Yee haw, buckaroo, it's time for the Cowboy Music Roundup at the 1859 Jail Museum. The Jackson County Historical Society presents music featuring outlaw ballads, cowboy tunes and poetry, and classic country music. Bands include Pick and Hammer, Cowboy Trio, and Tommy & Bobby Campbell and the Sugarfoot Band. But the fun doesn't end there. The gates open at 5 p.m. with guided tours of the Jail Museum. Concessions include chuckwagon fare: barbecue beef, hot dogs, beans, and slaw. Music begins at 6 p.m. and continues until 9:30 p.m., pardner. Admission is $10. The 1859 Jail Museum is located at 217 N. Main on historic Independence Square in Independence, Mo. For more information, call 816-252-1892.
Oscar Micheaux, born in Metropolis, Ill., was a coal miner, a stockyardsman, and a porter before becoming a homesteader in Gregory, S.D., because he believed the only independent future for a black man lay on the plains of the Western frontier. Micheaux wrote about the experiences of his life and began selling his first novels door-to-door. Later he decided that his books would make better movies than the ones that portrayed black people in a negative light. After being turned down by numerous production companies, he started the Micheaux Book and Film Company in Chicago to produce his films independently. As a part of Vintage on the Vine, the Gem Theater is celebrating Micheaux by showing two of his films at the vintage price: 25 cents. Showing will be Swing (1938), a musical story and tribute to African-American music from Alabama to Harlem, and Lying Lips (1939), a nightclub murder mystery. The shows begin at 5 p.m. The Gem Theater is located at 18th & Vine. For more information, call 816-474-VINE.
Peter Max has been called the "cosmic artist of the '60s," second to only Andy Warhol in coming to mind when someone mentions pop art. His work is the essence of "pop," having a commercial flair as it graces Boeing airplanes, race cars, Kentucky Derby memorabilia, postage stamps, World Cup logos, the stage for Woodstock '99, and various cause-oriented posters. His vibrant work has paid homage to The Beatles, Mikhail Gorbachev, Jimmy Carter, Bill Clinton, and the Dalai Lama, but his trademark piece is an annual re-creation of the Statue of Liberty, which he has painted for 25 consecutive years. Max will be in Kansas City today from 6 to 9 p.m. at The Gallery, 4845 W. 119th St., where he will present his Millennium Series. More than 100 of his pieces will be on display for purchase. For more information, call 913-469-8001.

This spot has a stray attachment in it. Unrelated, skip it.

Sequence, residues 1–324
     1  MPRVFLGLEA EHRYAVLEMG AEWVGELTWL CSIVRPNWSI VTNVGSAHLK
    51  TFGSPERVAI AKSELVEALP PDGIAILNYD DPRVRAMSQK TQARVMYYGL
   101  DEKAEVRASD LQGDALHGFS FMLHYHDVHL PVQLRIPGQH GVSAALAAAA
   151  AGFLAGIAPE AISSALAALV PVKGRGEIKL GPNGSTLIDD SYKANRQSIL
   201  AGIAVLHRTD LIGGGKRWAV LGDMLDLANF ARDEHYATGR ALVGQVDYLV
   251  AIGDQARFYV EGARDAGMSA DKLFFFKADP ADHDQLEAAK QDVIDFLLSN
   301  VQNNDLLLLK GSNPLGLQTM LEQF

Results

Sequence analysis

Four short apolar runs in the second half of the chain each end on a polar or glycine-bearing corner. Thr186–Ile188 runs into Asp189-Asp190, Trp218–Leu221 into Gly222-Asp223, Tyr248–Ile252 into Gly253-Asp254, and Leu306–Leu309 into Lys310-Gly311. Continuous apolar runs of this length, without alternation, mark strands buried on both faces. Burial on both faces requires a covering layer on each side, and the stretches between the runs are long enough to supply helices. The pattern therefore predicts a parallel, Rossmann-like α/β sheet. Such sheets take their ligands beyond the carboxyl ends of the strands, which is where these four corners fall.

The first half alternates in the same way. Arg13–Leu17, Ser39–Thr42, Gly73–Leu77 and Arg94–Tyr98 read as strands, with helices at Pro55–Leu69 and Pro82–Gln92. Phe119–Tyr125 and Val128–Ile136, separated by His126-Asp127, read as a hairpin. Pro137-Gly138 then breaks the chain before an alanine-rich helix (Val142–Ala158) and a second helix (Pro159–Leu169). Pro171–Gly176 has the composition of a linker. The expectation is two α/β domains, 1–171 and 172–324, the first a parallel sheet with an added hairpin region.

Everybody would like a window to the world. Some people have claimed to find one; some think it's the Internet. It all comes down to perception. Photographer Uta Barth, German-born and now an L.A. resident, brings her window's view to The Gallery of Art at Johnson County Community College. nowhere near is an exhibit of large-scale color photographs featuring a large window in the artist's home with a view overlooking her yard. Some of the images focus on the window and frame itself, while others focus on items outside of the window, such as trees and clouds, and still others focus on rain streaks or fingerprints on the window. Some of the photographs were shot at night, some during the day. Barth's window to the world explores the seemingly banal but may give a deeper look at life. The exhibit will remain up through July 12. Johnson County Community College is located at 12345 College Blvd. For more information, call 913-469-8500, ext. 3972.